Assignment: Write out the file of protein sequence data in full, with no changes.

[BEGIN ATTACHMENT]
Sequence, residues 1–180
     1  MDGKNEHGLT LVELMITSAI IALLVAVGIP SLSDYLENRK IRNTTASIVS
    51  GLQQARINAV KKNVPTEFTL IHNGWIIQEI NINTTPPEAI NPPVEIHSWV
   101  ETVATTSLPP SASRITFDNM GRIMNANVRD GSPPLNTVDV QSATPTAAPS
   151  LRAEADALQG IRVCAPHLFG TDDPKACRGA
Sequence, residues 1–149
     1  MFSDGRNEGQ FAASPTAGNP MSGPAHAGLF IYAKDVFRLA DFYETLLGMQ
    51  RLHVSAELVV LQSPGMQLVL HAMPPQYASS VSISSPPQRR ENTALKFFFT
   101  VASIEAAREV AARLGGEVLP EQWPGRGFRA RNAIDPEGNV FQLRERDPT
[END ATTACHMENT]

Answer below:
Sequence, residues 1–180
     1  MDGKNEHGLT LVELMITSAI IALLVAVGIP SLSDYLENRK IRNTTASIVS
    51  GLQQARINAV KKNVPTEFTL IHNGWIIQEI NINTTPPEAI NPPVEIHSWV
   101  ETVATTSLPP SASRITFDNM GRIMNANVRD GSPPLNTVDV QSATPTAAPS
   151  LRAEADALQG IRVCAPHLFG TDDPKACRGA
Sequence, residues 1–149
     1  MFSDGRNEGQ FAASPTAGNP MSGPAHAGLF IYAKDVFRLA DFYETLLGMQ
    51  RLHVSAELVV LQSPGMQLVL HAMPPQYASS VSISSPPQRR ENTALKFFFT
   101  VASIEAAREV AARLGGEVLP EQWPGRGFRA RNAIDPEGNV FQLRERDPT